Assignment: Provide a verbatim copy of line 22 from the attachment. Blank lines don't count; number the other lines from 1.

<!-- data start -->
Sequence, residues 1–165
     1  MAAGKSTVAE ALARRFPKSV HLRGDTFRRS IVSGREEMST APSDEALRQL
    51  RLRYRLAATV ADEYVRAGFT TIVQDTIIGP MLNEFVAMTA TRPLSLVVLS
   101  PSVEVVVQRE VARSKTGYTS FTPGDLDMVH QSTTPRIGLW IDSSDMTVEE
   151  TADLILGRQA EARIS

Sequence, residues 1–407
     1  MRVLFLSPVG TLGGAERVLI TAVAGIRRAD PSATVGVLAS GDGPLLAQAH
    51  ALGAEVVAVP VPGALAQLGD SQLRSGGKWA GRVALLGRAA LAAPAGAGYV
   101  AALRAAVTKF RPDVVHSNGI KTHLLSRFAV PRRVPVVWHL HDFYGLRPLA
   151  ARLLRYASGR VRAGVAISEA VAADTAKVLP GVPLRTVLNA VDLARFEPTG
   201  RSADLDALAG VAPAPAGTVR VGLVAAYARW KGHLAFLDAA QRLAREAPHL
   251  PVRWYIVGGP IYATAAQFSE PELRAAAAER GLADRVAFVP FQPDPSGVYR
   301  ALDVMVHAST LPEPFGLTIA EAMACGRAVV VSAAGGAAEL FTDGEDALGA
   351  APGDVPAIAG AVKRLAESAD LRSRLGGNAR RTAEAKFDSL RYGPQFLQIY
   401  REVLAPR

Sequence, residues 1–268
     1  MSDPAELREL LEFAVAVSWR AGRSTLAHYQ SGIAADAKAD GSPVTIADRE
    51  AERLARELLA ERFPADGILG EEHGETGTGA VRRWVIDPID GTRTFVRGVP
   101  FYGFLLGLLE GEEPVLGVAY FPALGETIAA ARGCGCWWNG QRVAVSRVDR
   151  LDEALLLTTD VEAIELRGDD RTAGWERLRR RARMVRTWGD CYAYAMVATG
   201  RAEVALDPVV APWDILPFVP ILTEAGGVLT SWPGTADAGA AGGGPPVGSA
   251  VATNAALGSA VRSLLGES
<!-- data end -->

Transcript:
   251  VATNAALGSA VRSLLGES